Mini-Brains Grown in a Lab Have Human-Like Brain Activity
A new study promises new paths to research mental illness, but raises questions about whether so-called organoids could develop consciousness
Alysson Muotri was dumbfounded when the pea-sized blobs of human brain cells that he was growing in the lab started emitting electrical pulses. He initially thought the electrodes he was using were malfunctioning.
Muotri was wrong. What the cells were emitting were brain waves — rhythmic patterns of neural activity. “That was a big surprise,” he says.
The 3D blobs of brain cells, known as organoids, are commonly used in disease and drug research to replicate organs. But no “mini-brain” had ever shown signs of brain waves before.
That was in 2016. Now, Muotri and his colleagues at the University of California, San Diego, have detailed their findings on the organoids in a new study in the journal Cell Stem Cell.
Scientists are a long way from understanding the human brain. Organoids that emit brain waves could open up new opportunities for research. But as mini-brains become better replicas for real brains, they raise ethical questions about where sentience begins, and whether these blobs of tissue need protections of the sort offered to animals and humans in research.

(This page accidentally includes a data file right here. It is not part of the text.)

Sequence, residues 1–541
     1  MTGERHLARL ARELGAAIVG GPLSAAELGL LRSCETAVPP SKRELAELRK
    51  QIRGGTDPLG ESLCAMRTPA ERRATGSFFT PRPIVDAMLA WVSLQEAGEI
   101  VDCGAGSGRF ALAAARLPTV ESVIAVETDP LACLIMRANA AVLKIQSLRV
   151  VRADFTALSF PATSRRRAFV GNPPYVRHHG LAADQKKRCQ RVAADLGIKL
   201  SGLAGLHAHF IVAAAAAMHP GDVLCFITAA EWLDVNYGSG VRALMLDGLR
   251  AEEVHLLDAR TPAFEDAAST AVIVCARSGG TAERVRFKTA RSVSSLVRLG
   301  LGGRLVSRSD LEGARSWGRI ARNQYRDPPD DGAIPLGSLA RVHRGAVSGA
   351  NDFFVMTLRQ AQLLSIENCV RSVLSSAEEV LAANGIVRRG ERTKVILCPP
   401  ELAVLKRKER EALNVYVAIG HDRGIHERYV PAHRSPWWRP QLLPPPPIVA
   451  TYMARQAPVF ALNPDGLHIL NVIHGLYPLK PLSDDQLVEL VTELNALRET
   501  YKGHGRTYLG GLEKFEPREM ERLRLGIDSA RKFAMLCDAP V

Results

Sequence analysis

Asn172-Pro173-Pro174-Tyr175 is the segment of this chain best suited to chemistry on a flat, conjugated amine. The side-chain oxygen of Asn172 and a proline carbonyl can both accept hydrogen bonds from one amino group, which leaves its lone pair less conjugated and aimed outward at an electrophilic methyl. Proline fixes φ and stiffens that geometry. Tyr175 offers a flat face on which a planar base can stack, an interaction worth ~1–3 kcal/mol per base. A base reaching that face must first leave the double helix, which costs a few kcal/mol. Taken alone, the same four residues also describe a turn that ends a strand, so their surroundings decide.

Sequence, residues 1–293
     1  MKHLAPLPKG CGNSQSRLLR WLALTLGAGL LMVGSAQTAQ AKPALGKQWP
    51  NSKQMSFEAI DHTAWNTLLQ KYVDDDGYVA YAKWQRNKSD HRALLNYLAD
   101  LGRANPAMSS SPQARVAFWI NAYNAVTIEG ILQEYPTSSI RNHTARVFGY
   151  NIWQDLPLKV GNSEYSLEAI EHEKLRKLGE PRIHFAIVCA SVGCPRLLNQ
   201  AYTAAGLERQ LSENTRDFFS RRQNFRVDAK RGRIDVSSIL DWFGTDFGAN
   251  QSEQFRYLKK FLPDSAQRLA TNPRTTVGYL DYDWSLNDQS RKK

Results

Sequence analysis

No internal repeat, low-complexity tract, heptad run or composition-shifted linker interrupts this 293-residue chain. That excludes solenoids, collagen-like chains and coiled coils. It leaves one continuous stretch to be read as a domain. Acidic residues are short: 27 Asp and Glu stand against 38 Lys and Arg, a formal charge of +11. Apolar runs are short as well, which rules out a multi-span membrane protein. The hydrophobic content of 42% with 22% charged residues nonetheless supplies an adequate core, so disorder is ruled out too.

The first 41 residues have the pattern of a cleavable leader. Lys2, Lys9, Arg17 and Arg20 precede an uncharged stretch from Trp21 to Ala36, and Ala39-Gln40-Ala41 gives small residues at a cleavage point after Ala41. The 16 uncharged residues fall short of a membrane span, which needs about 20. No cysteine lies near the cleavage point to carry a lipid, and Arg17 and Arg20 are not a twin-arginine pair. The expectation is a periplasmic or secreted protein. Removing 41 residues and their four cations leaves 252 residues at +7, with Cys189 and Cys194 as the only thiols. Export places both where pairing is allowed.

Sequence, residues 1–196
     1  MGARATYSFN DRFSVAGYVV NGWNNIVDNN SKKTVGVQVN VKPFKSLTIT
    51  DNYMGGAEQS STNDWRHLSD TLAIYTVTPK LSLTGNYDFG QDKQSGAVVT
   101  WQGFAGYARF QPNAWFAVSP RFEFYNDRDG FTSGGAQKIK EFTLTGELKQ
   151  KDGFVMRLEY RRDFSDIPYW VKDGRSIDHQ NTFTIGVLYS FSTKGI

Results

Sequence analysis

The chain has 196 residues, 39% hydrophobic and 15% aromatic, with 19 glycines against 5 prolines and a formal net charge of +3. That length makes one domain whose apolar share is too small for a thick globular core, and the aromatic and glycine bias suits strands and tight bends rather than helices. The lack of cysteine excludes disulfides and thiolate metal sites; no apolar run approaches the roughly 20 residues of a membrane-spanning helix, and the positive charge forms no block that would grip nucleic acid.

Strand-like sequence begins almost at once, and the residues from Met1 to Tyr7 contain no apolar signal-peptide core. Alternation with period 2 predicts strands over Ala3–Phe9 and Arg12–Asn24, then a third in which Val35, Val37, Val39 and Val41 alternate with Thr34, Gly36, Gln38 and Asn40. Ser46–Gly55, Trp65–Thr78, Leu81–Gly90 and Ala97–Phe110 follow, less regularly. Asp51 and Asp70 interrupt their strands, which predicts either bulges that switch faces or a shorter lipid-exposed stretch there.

Muotri’s team grew organoids by first programming adult skin cells into stem cells that have the ability to specialize into any cell type. With the right cocktail of chemicals and growth factors to stimulate cell growth, Muotri and his team were able to coax the cells into becoming different types of neurons. With this recipe, they grew hundreds of organoids that were more mature than previous models.
Using electrodes, they first detected bursts of brain waves at about two months. As the organoids grew, they produced brain waves at different frequencies, and the signals became more regular, suggesting the neurons were forming connections. Then, at about 10 months, the neural activity plateaued. Muotri says that might be due because additional neurons are needed to continue development or that some of the cells in the organoids start to die off after 10 months.